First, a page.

ATLANTA (ABP)—The Southern Baptist Convention’s International Mission Board will reorganize over the next year to focus more on local churches’ involvement in missions and provide flexibility to reach people groups across geographical lines.
At their September meeting in Atlanta, IMB trustees approved a reorganization of the missionary-sending agency and revised its vision, mission and core-values statements. The process will take about a year to fine tune and complete, according to an IMB news release.
Although details of the reorganization have not yet been publicized, basic changes include grouping current missionary teams into “clusters” and replacing the IMB’s 11 geographically based regions with eight “affinity groups.”
IMB President Jerry Rankin told trustees that sending missionaries, reaching the lost and planting churches would remain the agency’s primary tasks. Reorganization would provide the support to focus on reaching people groups even when they move across national boundaries.
But changes in the agency’s mission statement and core values also emphasize the local church’s role in reaching the world with the message of Christ.
“The revised mission statement … reflects that the Great Commission is the responsibility of the local church and refocuses the efforts of the agency on assisting churches to fulfill that responsibility,” according to the IMB release.
The values statement, the release continued, shifts “the role of the agency from a primary focus on sending missionaries to one that serves the churches in their involvement in the Great Commission and the sending of missionaries.”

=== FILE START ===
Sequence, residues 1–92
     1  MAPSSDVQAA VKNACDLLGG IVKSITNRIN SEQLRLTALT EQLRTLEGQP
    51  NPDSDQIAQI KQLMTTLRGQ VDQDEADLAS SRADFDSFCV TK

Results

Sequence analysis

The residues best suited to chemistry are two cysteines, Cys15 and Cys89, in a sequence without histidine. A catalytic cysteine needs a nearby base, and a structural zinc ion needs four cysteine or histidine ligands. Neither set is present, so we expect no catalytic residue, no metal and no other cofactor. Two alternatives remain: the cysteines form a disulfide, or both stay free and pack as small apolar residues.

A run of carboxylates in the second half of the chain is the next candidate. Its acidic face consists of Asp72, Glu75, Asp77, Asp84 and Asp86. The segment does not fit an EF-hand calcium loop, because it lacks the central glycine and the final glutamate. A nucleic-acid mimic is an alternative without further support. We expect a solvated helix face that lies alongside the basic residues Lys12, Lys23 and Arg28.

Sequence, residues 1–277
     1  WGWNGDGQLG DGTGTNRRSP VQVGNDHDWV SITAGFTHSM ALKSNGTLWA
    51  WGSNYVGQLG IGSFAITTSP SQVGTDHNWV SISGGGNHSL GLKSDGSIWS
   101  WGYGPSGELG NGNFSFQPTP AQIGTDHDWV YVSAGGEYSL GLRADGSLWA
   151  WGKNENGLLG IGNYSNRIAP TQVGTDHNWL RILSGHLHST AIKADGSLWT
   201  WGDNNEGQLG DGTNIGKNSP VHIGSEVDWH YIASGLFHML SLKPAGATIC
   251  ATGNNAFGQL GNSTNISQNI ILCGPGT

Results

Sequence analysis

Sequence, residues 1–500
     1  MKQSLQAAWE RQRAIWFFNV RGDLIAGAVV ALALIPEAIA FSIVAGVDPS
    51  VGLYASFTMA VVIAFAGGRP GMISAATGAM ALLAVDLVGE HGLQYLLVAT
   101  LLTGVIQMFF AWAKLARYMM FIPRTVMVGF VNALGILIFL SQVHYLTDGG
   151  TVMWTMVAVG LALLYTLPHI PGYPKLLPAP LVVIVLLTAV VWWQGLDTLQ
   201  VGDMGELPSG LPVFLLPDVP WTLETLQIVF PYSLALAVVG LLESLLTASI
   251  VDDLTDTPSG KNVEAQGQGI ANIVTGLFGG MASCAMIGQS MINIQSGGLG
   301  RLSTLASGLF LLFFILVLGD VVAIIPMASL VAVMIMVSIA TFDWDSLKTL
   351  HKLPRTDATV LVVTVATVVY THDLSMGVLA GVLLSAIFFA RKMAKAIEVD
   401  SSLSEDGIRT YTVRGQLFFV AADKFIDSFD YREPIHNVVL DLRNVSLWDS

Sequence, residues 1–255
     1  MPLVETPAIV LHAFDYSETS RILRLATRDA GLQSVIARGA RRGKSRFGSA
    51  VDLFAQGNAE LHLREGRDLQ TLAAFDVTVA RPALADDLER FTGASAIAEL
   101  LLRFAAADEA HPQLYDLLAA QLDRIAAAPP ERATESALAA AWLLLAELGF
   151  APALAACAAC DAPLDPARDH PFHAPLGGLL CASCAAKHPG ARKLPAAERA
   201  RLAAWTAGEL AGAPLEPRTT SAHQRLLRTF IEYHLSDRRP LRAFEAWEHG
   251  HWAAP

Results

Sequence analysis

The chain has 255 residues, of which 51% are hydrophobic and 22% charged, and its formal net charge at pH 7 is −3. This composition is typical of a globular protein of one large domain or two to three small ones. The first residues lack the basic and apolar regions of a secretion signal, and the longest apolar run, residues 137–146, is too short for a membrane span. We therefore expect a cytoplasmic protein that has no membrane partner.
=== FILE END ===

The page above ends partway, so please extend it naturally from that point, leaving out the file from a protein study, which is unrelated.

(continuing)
The changes simply reflect what some churches already are doing through the current IMB structure and will facilitate involving more congregations, said Ken Winter, IMB’s vice president of church and partner services.
“Churches for years … have been strategically involved in reaching the lost,” he said. “We’ve seen dramatically increasing involvement … and churches desiring to engage people groups.”
For the past few years, congregations have been able to participate in strategic planning and action to reach specific people groups as “engaging churches,” often partnered with an IMB region. The mission board assists with training and resources and provides a coach/mentor for the congregation. Currently, 150 churches partner in some way in IMB’s West Africa region alone.
“We see an awakening taking place,” Winter said. The changes are designed “to unleash the resources God is making available,” and development of affinity groups is “an attempt to do more, effectively.”
Asked if the changes might adversely affect the Cooperative Program, the SBC’s unified budget, Winter said, “I don’t believe so, based on what we’ve seen. In fact, we’ve seen just the opposite. … For the past four to five years, as churches have been more strategically involved …, we see their giving increasing. … I think it’s people connecting with God’s heart for missions.”
In other action, IMB trustees approved a new child-protection policy requiring all personnel to undergo thorough background checks and to disqualify anyone with a history of sexual abuse, a criminal conviction of a sexual nature or with behavior that indicates they pose a risk to children.
The board also approved appointment of 83 new missionaries.